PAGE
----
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Published on May 13, 2024
Biden-Harris Infrastructure Week Showcases Sweeping Improvements: $454 Billion Fueling Over 56,000 Projects Across the U.S.Source: The White House

The Biden-Harris Administration has kicked off Infrastructure Week, spotlighting the tangible results of President Biden's Investing in America agenda that began with the signing of the Bipartisan Infrastructure Law back in November 2021, according to a White House statement. The administration reports the allocation of nearly $454 billion in funding for infrastructure, covering more than 56,000 projects across the country to revamp roads, bridges, and water systems, and to advance clean energy in an effort to strengthen both competitiveness and community connectivity.

This year's Infrastructure Week celebrates not just ribbon-cutting but the breadth of endeavors undertaken by the government, which includes the tackling of legacy pollution with projects aiming to remove hazardous materials from land and water sources securing cyber-attacks and climate change resilience for communities ventures to deliver safer bridges and roads in efforts paralleled by the private sector's investment, amounting to over $866 billion in the U.S. for manufacturing and clean energy. Projects such as the Atlanta-based "The Stitch," which has garnered a significant $158 million investment, exemplify the administration's approach to reuniting divided communities with urban centers while promoting employment and health access. Moreover, a key component of the Administration's initiative, the Affordable Connectivity Program, is facing a critical moment, as without Congressional action, millions of Americans stand to see their internet access costs skyrocket or get cut off at the end of May, a substantial impact for 23 million households benefitting from the program.

In a robust breakdown of accomplishments, nearly 13,000 bridge repair projects have been launched and improvements on over 257,000 miles of roads have been funded. Modernization efforts include the recent groundbreaking of the Brightline West High-Speed Rail Project, a futuristic $8.2 billion venture that promises to connect Las Vegas to California in just over a couple of hours. A substantial $25 billion has gone into modernizing airports, with an accent on improvements delivering enhanced traveler experiences. For instance, both the Missoula Montana Airport South Concourse project and Minneapolis-St. Paul International Airport has seen considerable advancements owing to the new infrastructure bill.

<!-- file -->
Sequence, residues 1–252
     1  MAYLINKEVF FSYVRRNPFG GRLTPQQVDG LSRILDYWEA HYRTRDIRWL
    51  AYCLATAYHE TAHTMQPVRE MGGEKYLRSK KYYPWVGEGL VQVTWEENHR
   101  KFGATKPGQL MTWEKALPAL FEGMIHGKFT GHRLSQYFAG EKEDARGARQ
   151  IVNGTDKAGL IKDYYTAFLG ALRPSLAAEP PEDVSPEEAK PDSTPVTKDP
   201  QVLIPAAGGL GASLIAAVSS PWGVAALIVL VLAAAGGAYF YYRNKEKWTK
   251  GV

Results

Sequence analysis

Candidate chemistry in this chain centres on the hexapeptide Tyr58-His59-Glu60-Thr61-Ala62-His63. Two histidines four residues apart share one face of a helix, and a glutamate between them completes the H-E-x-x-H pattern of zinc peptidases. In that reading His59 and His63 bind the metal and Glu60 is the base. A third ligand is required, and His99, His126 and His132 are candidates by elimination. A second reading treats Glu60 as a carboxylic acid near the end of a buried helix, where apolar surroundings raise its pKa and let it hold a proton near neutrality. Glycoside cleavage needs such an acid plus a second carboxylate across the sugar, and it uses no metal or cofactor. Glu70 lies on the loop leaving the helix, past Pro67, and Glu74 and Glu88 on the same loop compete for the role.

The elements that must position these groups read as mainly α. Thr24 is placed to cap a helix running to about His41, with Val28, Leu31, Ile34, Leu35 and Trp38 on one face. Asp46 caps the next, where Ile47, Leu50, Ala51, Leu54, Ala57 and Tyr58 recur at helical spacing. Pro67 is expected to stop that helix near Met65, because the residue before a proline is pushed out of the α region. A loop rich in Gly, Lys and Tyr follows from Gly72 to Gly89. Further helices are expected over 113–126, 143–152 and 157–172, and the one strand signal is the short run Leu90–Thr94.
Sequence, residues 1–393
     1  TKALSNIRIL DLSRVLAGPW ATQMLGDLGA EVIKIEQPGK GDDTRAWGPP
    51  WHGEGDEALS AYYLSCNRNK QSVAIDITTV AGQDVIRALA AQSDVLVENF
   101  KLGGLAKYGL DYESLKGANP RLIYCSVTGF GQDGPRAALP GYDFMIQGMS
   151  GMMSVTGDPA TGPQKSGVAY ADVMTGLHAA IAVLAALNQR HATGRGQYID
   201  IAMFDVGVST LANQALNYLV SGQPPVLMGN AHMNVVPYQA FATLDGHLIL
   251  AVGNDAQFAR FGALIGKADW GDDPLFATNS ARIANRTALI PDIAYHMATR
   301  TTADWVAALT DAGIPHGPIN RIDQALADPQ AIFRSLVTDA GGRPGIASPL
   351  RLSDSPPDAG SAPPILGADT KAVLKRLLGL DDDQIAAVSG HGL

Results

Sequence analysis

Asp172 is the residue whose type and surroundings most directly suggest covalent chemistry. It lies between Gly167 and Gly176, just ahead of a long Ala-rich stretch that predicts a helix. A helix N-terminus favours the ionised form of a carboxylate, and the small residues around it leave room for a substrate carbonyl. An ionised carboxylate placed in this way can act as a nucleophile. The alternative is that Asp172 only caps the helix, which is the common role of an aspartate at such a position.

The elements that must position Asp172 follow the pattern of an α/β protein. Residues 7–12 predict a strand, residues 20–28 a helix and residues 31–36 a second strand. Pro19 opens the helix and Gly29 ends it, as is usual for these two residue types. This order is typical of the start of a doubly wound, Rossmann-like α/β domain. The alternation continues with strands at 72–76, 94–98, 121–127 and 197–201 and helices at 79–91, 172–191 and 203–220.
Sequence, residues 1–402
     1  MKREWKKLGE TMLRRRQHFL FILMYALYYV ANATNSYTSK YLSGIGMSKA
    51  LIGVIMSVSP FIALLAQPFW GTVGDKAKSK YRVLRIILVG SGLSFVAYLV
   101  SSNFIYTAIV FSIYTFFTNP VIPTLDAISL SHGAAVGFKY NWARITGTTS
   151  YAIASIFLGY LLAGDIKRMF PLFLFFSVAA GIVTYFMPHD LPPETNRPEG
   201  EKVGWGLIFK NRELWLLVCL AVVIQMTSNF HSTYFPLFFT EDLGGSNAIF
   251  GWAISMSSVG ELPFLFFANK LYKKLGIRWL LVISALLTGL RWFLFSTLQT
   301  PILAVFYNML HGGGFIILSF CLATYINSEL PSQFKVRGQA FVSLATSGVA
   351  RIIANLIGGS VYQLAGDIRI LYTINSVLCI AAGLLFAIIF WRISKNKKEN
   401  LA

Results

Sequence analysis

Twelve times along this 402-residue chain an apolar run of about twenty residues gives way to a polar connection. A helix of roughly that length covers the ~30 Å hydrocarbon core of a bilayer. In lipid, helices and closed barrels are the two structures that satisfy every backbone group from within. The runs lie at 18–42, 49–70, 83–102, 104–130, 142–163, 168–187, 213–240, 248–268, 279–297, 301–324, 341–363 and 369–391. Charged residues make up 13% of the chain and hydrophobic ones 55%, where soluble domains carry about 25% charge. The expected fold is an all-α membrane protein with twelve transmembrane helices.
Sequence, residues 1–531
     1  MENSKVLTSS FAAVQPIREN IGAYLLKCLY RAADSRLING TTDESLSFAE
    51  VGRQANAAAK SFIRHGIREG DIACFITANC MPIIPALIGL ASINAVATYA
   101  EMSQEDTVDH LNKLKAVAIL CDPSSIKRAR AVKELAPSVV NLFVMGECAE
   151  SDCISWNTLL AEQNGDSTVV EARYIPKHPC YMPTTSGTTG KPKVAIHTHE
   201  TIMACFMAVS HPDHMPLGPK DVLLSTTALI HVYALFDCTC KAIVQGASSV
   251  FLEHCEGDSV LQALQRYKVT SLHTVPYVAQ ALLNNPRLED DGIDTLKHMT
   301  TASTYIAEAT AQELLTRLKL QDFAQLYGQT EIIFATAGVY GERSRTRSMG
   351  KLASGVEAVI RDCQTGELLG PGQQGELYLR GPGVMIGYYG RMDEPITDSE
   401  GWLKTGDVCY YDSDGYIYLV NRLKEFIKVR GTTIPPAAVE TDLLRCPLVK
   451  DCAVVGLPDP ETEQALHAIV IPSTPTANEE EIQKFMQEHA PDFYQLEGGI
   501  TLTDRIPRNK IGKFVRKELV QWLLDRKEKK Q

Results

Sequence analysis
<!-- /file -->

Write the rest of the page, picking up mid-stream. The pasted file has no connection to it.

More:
On the waterfront, the Biden-Harris administration highlights interventions to reinforce major ports such as the $300 million Louisiana International Terminal project, designed to process larger vessels, and the Norfolk Harbor Deepening Project which received $142 million to enable the Virginia port to accommodate some of the world's heftiest ships this and other projects emphasize the government's focus on reinforcing supply chain reliability and mitigating greenhouse gas emissions. Reflecting on the transportation sector, close to 3,000 eco-friendly transit buses and over 5,000 clean school buses have been dispersed across the nation, manifesting a concrete step towards a greener, more sustainable transportation network.

Further, the Administration engendered vital boosts in high-speed internet infrastructure, adding over 12,000 miles of fiber, the implementation of rules requiring internet service providers to disclose their pricing and performance metrics clearly, and sizeable ventures to expand rural communities' access to high-speed internet, standing in synergy with the government's historic role in rural electrification decades ago. Additionally, in the pursuit of a cleaner energy future, significant funds have been directed toward grid modernization and clean energy technologies, culminating in groundbreaking projects like the 285-mile SWIP-N transmission line expected to power 1.7 million homes upon completion.

Last but certainly not least, the administration noted its investment in resilience projects that command over $50 billion purposed towards protecting communities from various threats, including cybersecurity and climate change, illustrating an "all hazards" approach in safeguarding not just infrastructure, but the American populace against the specters of the present and future uncertainties.